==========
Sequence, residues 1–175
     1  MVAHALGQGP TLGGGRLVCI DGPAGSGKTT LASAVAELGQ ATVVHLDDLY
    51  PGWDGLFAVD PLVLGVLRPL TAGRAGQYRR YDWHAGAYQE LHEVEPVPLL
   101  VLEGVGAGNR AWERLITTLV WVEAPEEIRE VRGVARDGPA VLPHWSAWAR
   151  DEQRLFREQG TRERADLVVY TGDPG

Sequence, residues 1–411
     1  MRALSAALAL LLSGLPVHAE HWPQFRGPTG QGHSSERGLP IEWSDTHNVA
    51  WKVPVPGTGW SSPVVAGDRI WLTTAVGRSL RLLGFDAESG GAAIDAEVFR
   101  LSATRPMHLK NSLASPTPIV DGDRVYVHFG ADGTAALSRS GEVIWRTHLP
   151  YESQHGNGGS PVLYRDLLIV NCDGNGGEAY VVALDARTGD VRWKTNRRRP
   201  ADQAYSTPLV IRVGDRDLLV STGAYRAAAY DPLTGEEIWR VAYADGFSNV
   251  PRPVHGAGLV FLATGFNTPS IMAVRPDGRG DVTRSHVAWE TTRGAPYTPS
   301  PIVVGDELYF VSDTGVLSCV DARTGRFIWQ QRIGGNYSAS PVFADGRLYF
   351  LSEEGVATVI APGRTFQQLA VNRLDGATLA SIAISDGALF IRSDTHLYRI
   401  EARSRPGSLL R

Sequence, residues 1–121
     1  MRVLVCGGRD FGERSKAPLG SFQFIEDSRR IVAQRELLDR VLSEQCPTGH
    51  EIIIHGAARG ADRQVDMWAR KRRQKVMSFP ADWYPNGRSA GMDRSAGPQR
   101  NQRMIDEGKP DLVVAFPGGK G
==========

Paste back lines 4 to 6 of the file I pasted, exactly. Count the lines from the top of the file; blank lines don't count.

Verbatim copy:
   101  VLEGVGAGNR AWERLITTLV WVEAPEEIRE VRGVARDGPA VLPHWSAWAR
   151  DEQRLFREQG TRERADLVVY TGDPG

Sequence, residues 1–411